Influence of chronic illnesses and underlying risk conditions on the incidence of pneumococcal pneumonia in older adults

Angel Vila-Corcoles, Carlos Aguirre-Chavarria, Olga Ochoa-Gondar, Cinta de Diego, Teresa Rodriguez-Blanco, Frederic Gomez, Xavier Raga, Luis Barnes, Ramon Magarolas, Leonardo Esteban

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    16 Citations (Scopus)


    © 2015, Springer-Verlag Berlin Heidelberg. Objective: To investigate hospitalizations from pneumococcal pneumonia in older adults with specific underlying chronic conditions, evaluating the influence of these conditions in developing pneumonia. Methods: Population-based cohort study involving 27,204 individuals ≥60 years old in Southern Catalonia, Spain. All cases of hospitalization from pneumococcal pneumonia (bacteremic and nonbacteremic) were collected since 01/12/2008 until 30/11/2011. Cox regression was used to calculate hazards ratio (HR) and estimate the association between baseline conditions and the risk of developing pneumococcal pneumonia. Results: Maximum incidences (per 1000 person-years) appeared among patients with history of prior pneumonia (14.6), nursing home residents (12.8), persons with immunodeficiency/asplenia (7.7) and patients with chronic pulmonary disease (7.6). In multivariable analysis, age (HR: 1.05), nursing home residence (HR: 4.59), history of prior pneumonia (HR: 3.58), stroke (HR: 2.50), chronic heart disease (HR: 1.53), chronic pulmonary disease (HR: 4.09), diabetes mellitus (HR: 1.66), smoking (HR: 1.69) and immunosuppressive medication (HR: 1.87) appeared significantly associated with an increased risk of pneumococcal pneumonia. Conclusion: Our data support that nursing home residence, chronic pulmonary disease and immunocompromising conditions are the underlying conditions most strongly associated with an increasing risk of pneumococcal pneumonia in older adults. This data underline the need for better prevention strategies among these persons.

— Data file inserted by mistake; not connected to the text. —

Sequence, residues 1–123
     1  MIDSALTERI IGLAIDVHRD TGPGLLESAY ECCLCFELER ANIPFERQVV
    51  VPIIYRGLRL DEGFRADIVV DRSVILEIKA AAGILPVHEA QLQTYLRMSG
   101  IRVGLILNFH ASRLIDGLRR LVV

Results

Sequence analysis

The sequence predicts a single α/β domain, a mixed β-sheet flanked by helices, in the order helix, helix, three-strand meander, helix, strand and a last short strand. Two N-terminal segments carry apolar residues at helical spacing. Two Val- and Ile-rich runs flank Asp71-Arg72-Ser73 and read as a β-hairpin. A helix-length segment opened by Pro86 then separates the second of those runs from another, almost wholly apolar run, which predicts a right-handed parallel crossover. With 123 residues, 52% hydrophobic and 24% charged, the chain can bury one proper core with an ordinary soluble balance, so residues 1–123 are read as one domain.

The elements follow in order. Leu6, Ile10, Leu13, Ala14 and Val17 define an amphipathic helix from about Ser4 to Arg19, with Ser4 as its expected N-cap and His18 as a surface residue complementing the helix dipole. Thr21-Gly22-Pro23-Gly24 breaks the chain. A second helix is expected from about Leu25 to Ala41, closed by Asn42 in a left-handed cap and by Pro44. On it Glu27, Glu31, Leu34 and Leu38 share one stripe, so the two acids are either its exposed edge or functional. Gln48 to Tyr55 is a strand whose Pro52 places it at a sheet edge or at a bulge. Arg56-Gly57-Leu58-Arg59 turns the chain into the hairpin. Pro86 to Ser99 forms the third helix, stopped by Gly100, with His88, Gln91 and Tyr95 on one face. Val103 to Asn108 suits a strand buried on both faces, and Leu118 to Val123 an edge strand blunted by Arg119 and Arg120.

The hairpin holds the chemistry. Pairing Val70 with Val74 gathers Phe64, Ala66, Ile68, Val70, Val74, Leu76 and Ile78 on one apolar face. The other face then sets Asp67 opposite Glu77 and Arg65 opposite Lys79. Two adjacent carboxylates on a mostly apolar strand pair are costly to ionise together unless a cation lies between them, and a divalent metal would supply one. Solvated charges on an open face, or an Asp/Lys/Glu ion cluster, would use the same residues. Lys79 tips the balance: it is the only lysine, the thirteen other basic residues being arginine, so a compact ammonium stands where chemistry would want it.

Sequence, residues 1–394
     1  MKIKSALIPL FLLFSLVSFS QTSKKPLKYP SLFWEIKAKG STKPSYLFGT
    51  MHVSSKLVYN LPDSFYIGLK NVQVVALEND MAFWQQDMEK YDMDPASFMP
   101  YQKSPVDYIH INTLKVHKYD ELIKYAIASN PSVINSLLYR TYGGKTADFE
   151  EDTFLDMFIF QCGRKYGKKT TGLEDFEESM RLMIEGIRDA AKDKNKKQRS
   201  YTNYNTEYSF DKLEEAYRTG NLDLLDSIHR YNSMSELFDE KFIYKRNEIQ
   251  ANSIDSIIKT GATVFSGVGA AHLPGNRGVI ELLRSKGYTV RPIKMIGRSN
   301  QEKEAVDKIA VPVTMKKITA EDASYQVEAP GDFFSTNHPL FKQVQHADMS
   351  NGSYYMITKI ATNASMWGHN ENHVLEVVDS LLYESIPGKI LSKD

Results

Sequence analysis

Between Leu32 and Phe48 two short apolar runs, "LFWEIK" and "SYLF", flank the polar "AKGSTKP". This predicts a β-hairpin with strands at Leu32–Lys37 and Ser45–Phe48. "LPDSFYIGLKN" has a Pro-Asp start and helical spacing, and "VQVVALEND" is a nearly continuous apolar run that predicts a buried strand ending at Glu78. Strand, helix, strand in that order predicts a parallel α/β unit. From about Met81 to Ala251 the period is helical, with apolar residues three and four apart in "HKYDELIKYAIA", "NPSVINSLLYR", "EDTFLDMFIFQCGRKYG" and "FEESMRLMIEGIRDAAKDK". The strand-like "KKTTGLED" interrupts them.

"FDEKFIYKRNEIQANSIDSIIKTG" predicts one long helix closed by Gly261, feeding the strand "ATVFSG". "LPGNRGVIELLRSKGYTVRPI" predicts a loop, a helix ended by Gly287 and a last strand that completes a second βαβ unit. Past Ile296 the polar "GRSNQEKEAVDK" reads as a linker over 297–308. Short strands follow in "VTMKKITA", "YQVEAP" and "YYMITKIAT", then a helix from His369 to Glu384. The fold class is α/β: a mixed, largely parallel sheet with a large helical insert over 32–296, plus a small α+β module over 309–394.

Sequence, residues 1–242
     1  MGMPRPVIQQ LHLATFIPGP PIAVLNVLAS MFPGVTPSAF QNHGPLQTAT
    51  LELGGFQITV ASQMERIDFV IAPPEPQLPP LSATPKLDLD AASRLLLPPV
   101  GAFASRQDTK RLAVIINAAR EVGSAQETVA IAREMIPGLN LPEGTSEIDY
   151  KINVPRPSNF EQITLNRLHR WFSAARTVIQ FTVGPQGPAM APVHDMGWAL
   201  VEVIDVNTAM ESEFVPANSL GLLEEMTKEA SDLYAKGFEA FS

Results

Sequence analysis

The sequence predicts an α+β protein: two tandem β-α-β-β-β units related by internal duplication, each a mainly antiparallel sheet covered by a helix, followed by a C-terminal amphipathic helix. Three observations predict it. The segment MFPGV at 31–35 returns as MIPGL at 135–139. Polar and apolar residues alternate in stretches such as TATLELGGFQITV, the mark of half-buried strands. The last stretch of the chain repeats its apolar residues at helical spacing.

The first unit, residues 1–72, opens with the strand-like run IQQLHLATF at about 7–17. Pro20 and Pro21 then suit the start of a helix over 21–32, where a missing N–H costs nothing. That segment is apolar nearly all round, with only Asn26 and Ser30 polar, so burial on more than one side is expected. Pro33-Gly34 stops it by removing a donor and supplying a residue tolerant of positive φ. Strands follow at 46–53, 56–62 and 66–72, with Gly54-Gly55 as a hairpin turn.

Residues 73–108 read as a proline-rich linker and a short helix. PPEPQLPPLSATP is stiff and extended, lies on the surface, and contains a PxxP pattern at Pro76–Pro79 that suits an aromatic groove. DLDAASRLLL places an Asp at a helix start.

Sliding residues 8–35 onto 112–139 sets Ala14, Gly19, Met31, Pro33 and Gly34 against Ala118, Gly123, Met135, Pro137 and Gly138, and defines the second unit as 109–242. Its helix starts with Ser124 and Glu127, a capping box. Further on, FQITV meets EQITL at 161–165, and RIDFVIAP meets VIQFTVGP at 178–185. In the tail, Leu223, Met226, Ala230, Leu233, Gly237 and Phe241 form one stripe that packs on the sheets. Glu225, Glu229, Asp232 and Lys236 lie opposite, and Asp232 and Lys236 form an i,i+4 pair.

Original languageEnglish
    Pages (from-to)699-706
    Issue number6
    Publication statusPublished - 1 Dec 2015


    • Incidence
    • Pneumococcal pneumonia
    • Risk factors
    • Streptococcus pneumoniae


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